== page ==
Wednesday, March 21, 2007

Executive Privilege v. The Constitution

The Baltimore Sun has a rather misleading headline in today's paper -- "Bush says Congress can talk to aides." Sure, the Bush administration technically did say that; however, the White House is not allowing aides to be questioned on the public record or under oath:

He [Bush] urged them to accept his offer to have Rove and former White House counsel Harriet E. Miers talk to congressional investigators behind closed doors, but not under oath. He also pledged to release all White House documents related to the firings.
Senator Patrick Leahy (D-VT) said it best:
"It is not constructive, and it is not helpful to be telling the Senate how to do our investigation, or to prejudge its outcome. Testimony should be on the record and under oath. That's the formula for true accountability."
So what is the Bush administration's reasoning for disallowing White House aides to testify on the public record and under oath?
White House counsel Fred Fielding said in a letter to congressional leaders that Bush's proposal struck a balance between providing the information that Congress needs and preserving confidences of the president under the doctrine of executive privilege.

Besides making the questioning private and not under oath, he said, the interviews should be permitted only as "a last resort." [emphasis mine]

Preserving executive privilege. This may or may not be constitutional, since we haven't had any serious inquiry into President Bush’s excessive use of executive privilege. Once again, this administration is attempting to concentrate and preserve political power.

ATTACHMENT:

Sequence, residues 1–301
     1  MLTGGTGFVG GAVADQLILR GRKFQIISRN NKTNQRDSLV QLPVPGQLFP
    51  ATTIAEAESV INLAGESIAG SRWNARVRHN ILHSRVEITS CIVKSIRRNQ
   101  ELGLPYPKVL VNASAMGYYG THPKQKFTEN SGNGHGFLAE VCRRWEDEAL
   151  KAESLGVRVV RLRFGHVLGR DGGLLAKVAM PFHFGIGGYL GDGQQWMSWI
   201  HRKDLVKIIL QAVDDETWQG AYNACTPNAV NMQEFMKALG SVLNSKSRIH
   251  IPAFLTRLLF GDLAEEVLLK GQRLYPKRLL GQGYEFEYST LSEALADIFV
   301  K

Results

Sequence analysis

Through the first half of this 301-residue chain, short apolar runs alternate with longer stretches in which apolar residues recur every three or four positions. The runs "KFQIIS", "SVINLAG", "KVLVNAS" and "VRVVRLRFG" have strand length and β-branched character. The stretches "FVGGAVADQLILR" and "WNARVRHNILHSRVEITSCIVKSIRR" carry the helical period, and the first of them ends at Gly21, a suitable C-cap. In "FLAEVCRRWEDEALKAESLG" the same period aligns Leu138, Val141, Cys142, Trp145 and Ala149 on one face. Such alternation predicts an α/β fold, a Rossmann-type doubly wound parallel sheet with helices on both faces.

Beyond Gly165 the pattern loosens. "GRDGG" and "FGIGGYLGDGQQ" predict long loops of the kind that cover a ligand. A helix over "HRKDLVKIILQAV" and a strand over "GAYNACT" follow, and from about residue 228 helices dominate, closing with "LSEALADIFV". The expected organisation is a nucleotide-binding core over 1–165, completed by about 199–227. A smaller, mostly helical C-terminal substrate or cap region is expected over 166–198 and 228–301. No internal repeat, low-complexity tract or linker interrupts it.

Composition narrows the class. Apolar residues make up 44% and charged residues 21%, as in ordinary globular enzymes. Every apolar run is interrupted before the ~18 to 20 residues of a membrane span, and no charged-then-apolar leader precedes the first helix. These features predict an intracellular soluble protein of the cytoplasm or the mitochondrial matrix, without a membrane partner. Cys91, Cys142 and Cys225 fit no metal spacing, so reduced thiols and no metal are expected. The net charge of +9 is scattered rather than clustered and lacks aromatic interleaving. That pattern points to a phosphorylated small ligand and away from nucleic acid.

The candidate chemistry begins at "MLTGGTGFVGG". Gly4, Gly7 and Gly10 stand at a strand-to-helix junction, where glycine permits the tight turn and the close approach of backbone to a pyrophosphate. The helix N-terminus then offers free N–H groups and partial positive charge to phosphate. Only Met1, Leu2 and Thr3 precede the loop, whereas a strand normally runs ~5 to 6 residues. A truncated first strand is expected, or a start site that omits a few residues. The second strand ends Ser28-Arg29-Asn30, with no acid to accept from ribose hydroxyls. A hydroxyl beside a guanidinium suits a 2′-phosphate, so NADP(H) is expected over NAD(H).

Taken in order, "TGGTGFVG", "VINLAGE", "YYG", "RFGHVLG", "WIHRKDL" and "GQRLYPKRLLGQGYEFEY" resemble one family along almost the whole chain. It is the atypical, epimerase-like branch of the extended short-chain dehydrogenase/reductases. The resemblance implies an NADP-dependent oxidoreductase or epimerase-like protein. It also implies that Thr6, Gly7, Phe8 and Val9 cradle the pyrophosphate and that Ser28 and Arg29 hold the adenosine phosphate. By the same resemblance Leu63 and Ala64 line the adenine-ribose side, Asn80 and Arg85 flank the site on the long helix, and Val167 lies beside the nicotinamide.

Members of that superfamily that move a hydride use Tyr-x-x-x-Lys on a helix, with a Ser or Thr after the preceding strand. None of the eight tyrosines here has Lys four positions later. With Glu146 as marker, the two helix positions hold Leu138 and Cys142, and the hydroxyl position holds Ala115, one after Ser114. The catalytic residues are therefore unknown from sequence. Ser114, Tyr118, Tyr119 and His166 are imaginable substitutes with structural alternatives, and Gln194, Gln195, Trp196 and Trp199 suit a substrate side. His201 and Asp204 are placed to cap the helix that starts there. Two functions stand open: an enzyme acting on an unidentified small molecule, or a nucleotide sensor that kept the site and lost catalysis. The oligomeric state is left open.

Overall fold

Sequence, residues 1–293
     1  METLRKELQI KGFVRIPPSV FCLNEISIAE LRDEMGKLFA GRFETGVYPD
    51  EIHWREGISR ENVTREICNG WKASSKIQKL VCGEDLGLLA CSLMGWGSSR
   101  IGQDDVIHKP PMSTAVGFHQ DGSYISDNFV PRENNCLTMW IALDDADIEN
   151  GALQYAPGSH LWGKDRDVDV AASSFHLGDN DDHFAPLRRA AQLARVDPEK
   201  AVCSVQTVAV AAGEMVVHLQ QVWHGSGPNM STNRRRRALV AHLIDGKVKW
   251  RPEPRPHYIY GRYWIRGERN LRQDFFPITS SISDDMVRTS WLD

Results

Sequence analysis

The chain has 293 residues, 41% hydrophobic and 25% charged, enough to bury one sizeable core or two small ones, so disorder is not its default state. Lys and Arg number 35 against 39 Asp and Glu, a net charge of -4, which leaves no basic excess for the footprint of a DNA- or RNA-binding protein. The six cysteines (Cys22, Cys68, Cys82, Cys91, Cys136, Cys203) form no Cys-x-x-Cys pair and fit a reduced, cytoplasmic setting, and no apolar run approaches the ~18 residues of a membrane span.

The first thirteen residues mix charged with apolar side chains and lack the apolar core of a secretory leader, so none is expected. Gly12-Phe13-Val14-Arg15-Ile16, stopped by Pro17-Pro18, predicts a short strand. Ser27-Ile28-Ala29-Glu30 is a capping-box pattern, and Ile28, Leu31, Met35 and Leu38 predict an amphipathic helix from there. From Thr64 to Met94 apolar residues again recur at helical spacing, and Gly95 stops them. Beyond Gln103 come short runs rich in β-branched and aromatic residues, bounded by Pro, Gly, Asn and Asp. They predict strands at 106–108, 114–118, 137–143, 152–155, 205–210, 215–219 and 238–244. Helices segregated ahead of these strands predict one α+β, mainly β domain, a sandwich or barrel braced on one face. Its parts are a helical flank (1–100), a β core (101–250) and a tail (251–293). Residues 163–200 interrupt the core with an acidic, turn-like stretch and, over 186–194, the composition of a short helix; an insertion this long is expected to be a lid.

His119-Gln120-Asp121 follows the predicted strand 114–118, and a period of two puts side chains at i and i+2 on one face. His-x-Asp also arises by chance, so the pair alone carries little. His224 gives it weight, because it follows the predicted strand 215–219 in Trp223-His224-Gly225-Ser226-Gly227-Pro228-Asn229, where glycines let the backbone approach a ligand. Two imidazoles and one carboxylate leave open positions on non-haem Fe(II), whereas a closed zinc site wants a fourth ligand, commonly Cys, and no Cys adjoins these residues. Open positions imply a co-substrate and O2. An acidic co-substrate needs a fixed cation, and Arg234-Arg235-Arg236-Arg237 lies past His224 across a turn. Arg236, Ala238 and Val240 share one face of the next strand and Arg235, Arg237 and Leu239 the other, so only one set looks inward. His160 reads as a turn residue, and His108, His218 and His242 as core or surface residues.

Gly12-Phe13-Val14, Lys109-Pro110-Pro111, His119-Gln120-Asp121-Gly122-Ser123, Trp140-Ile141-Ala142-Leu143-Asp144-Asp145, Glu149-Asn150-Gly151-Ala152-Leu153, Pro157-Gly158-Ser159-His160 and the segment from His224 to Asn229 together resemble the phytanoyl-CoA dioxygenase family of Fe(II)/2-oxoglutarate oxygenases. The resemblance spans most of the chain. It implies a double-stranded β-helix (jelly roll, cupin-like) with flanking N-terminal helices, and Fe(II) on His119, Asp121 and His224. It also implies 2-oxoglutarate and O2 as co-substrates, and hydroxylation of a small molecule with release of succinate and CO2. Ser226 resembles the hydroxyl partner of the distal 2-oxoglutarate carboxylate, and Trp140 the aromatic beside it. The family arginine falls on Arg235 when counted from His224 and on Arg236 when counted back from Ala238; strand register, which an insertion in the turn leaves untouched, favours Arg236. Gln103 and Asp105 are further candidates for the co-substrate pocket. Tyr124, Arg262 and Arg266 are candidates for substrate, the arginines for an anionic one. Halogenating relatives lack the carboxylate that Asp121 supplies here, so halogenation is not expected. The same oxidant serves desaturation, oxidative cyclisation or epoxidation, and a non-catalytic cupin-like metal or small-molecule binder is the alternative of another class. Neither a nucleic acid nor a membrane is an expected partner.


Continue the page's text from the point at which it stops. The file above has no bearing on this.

And I'm glad that the Democrats are going to be challenging the President’s decision with subpoenas:
"We will move forward to authorize subpoenas for current and former White House and Justice officials, as well as documents," said House Judiciary Committee Chairman John Conyers Jr. of Michigan.
The committee "will take whatever steps are necessary and within our congressional authority to get to the bottom of what has become a horrible mess that is undermining American trust in our federal criminal justice system."

Bush wants to avoid a confrontation, and that's because he knows that the courts will force White House aides to testify on the record, under oath. I, for one, look forward to subpoenas being issued tomorrow -- it's about fucking time that a constitutional confrontation occur. We need to short circuit this idea of a unitary executive if we want to continue to live in a democracy rather than a dictatorship.

This coming confrontation is more important than anything else in politics today -- dare I say it -- it is even more important than the conflict in Iraq. This is about whether or not the executive branch can do whatever it wants without congressional oversight. Clearly, we need to have a balance of power between the three branches of government, and allowing the executive to have this kind of unchallengeable power is not healthy for a functioning democracy.

UPDATE: The Washington Post reports that the House approves issuing subpoenas.

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